New Process Turns Any Carbon Based Materials Into Graphene


The Rice University Lab has reported that they can turn a ton of coal, food waste and even plastic into graphene.  And they can do it for a fraction of the cost of other graphene producing methods.

This new process has got a lot of people in this field excited about the possibilities that this new method has. 

Food waste is a huge problem all over the world, and every day people throw away tons of unused food, all because it goes bad or is simply unwanted. 

30 to 40 percent of the world’s food is thrown away, which is a staggering amount, especially when we consider the impact that just making the food has on the planet. 

And on top of this, the world wide plastic problem is at its worst, with more and more plastic in our oceans and land areas, something needs to be done fast.

The process involves heating up these waste materials to 3000K for a split second, turning it into what is known as ‘flash graphene.’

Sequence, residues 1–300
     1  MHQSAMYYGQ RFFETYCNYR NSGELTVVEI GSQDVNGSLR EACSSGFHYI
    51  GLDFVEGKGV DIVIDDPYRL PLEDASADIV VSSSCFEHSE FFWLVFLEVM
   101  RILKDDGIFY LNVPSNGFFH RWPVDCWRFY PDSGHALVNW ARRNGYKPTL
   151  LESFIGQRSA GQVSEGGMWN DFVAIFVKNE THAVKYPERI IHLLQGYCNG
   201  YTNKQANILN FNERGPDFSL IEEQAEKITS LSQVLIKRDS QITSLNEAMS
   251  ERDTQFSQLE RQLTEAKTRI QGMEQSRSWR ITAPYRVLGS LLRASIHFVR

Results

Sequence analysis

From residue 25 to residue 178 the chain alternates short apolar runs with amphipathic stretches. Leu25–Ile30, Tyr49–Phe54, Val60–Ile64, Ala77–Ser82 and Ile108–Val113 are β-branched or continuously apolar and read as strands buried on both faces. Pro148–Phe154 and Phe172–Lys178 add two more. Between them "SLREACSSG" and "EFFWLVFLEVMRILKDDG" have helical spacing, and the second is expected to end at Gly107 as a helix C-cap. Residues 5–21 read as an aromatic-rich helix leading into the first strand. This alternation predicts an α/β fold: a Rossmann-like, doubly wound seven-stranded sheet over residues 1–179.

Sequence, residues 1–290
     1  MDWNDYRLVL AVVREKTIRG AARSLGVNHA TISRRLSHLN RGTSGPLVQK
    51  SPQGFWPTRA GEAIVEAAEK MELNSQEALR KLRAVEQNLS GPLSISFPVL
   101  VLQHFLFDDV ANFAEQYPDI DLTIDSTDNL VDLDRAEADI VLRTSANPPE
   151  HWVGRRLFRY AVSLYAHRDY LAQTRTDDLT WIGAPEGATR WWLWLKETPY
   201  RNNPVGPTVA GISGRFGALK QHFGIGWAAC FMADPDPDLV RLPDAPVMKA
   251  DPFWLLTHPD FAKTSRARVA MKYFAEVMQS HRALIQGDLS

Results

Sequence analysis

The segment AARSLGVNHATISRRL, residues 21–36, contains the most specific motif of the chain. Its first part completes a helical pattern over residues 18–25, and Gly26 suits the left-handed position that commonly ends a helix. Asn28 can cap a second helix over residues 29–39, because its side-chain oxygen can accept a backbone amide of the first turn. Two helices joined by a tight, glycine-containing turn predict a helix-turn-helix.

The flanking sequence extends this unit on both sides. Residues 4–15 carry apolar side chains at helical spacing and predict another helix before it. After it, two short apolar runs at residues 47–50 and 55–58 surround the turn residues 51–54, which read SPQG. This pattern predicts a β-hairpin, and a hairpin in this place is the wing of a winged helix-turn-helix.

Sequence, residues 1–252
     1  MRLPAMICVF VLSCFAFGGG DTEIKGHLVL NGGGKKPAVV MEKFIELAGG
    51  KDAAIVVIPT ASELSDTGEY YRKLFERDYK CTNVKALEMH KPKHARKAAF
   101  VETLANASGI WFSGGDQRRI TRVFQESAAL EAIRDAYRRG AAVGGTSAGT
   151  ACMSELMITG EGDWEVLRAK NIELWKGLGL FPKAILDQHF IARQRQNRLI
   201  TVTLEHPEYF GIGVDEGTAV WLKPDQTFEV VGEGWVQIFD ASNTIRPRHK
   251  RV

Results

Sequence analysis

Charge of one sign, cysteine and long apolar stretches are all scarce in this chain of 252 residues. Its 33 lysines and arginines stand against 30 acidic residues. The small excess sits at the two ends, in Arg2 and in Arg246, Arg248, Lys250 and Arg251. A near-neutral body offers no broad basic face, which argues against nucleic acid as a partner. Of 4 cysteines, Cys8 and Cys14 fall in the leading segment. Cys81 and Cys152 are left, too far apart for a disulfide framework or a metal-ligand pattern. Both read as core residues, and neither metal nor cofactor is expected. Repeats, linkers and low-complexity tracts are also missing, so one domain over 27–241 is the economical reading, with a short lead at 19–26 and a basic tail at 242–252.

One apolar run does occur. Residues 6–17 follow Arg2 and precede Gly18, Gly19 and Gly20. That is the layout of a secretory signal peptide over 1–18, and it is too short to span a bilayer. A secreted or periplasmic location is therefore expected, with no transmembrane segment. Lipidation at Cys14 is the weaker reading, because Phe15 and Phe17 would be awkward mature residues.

During this procedure, the carbons within the waste materials are being trapped and converted into graphene.

These carbons would otherwise be emitted as greenhouse gases, in the form of carbon dioxide and methane.

Therefor this new discovery has huge potential to help curb the increasing global warming problem. 

The flashing process takes place in a custom built reactor designed to heat up the waste materials quickly, turning the carbon elements into the graphene and emitting all the non carbon compounds as a gas.

If the process was industrialised, these waste gases such as oxygen and nitrogen can be trapped and collected since they have value.

The current price to produce graphine is anywhere from $67,000 to $200,000 per ton, and this new procedure will reduce these costs drastically.